The golden toad was one of more than 500 species in the family Bufonidae — the "true toads". B. periglenes inhabited northern Costa Rica’s Monteverde Cloud Forest Preserve, distributed over an area of roughly 10 square kilometres (3.9 sq mi) at an average elevation of 1.5 kilometres (0.93 mi).[4]

Morphology

Adult males measured just barely 5 centimetres (2.0 in) long. Males have been described as being "Day-Glo golden orange",[5] and unlike most toads their skin was shiny and bright. Jay Savage was so surprised upon first seeing them that he did not believe they could be real; he is quoted as saying: "I must confess that my initial response when I saw them was one of disbelief and suspicion that someone had dipped the examples in enamel paint."[6] Exhibiting sexual dimorphism, female toads were slightly larger than the males, and looked very different. Instead of being bright orange, females were colored dark olive to black with scarlet spots encircled by yellow.

Reproduction

Very little is known about the behavior of B. periglenes;[7] however, it is believed that they lived underground,[7] as they were not seen for most of the year. In contrast, their presence in the Cloud Forest Preserve was obvious during their mating season, which lasted only a few weeks. For a few weeks in April, after the dry season ended and the forest became wetter, males would gather in large numbers near ground puddles and wait for the females. The males would fight with each other for opportunities to mate until the end of their short mating season, after which the toads retreated to their burrows.[7] Eggs were laid in seasonal water catchments in clutches, the average size of which was 228 eggs.[8] After two months, they hatched into tadpoles.[8]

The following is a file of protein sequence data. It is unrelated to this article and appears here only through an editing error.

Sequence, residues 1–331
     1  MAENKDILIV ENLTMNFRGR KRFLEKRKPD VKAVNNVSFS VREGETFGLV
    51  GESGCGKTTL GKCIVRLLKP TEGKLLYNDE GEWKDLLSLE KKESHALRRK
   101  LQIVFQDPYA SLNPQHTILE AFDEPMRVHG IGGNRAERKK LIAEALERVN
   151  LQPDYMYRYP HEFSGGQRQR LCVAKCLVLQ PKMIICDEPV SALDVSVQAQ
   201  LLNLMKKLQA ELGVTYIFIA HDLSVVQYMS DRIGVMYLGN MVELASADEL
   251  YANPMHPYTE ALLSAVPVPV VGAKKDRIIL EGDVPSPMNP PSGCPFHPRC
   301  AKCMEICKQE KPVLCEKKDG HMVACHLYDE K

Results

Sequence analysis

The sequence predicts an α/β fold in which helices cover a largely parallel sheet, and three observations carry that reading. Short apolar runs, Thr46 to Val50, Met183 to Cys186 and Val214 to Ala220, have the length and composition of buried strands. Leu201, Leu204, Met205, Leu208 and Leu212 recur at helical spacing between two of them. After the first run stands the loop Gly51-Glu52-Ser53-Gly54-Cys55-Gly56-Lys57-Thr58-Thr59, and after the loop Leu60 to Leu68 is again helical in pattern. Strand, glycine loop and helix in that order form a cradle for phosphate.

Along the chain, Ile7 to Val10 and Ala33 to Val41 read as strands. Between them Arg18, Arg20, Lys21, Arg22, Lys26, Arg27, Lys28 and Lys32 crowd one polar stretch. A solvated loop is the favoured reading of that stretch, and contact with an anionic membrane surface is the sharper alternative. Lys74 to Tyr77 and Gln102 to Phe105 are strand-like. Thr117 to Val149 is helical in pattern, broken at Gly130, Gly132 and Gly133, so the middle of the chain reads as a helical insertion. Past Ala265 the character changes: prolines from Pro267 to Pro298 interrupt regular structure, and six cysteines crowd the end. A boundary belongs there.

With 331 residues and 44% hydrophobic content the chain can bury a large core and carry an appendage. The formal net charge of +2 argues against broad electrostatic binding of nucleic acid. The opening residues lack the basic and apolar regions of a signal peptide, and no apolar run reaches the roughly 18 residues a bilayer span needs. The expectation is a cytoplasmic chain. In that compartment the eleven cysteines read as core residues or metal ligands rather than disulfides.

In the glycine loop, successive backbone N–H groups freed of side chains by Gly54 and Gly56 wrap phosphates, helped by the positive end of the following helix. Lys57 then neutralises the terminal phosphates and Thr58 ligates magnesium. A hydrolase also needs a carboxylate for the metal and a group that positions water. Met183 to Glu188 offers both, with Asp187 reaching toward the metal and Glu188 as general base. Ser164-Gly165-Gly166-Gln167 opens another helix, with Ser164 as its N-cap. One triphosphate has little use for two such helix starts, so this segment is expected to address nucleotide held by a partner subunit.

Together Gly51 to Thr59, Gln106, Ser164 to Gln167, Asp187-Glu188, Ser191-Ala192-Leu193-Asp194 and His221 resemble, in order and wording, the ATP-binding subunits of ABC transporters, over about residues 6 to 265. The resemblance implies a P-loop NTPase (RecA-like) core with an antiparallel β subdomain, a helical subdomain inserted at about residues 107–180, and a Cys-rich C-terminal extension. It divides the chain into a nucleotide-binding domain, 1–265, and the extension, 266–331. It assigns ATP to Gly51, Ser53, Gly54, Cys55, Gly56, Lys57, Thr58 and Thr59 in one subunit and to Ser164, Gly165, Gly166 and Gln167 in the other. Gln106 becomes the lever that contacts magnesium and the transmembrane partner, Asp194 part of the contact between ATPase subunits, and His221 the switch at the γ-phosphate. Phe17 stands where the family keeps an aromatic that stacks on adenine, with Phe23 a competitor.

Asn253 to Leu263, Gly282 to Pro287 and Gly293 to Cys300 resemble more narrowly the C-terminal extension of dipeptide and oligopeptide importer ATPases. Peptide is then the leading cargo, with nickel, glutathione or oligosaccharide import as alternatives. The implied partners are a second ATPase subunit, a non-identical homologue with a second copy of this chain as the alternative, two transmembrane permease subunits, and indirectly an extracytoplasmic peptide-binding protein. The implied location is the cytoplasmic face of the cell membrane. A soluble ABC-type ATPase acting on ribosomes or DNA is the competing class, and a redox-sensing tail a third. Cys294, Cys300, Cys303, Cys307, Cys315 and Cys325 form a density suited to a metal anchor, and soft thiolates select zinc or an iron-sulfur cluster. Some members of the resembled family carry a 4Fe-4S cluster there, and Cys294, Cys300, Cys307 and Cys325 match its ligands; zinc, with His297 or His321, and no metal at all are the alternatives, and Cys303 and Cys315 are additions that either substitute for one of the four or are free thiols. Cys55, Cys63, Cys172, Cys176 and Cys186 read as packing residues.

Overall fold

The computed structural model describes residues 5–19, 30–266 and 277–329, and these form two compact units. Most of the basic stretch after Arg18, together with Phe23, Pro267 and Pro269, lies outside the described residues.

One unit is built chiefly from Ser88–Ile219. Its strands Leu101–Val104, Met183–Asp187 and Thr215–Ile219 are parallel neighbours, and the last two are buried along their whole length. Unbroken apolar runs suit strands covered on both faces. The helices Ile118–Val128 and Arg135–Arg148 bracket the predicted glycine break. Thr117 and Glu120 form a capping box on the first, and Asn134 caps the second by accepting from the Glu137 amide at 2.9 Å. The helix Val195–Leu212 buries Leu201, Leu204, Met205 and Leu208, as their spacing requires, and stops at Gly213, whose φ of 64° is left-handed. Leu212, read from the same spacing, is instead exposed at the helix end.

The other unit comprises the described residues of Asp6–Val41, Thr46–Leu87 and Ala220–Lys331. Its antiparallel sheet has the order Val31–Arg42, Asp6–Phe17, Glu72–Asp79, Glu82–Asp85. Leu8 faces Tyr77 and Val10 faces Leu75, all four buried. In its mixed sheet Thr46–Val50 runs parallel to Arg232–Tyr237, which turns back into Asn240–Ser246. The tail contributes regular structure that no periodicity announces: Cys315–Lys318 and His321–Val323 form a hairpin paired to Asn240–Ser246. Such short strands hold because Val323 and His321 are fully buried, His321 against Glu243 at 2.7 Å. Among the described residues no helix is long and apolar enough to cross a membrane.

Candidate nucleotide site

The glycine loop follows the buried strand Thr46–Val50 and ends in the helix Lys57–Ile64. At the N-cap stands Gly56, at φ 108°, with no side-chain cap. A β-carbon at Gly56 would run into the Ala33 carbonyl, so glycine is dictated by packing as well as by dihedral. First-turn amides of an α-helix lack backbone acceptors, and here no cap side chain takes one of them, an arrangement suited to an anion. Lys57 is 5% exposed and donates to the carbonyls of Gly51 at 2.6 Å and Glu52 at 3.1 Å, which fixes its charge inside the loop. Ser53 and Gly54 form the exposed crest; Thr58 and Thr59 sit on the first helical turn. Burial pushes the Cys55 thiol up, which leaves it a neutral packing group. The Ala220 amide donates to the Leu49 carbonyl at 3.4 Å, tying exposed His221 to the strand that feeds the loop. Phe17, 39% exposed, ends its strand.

Males outnumbered females, in some years by as much as ten to one, a situation that often led bachelors to attack amplectant pairs and form what Savage once described as "writhing masses of toad balls." The eggs of the golden toad, black and tan spheres, were deposited in small pools--puddles--often no more than one inch deep. Tadpoles emerged in a matter of days, but required another four or five weeks for metamorphosis. During this period, they were highly dependent on the weather; too much rain and they would be washed down the steep hillsides, too little and their puddles would dry up. Golden toads were always found at an altitude of between forty-nine hundred and fifty-six hundred feet. In 1987, an American ecologist and herpetologist, Martha Crump, was fortunate enough to see the toad's mating rituals. In her book, In Search of the Golden Frog [sic], she described it as "one of the most incredible sights I've ever seen," and said they looked like "statues, dazzling jewels on the forest floor."[5] On April 15, 1987, Crump recorded in her field diary that she counted 133 toads mating in one "kitchen sink-sized pool"[5] that she was observing. Five days later, she witnessed the pools in the area drying, which she attributed to the effects of El Niño-Southern Oscillation, "leaving behind desiccated eggs already covered in mold."[5] The toads attempted to mate again that May. Of the 43,500 eggs that Crump found, only twenty-nine tadpoles survived the drying of the forest's ground.[5]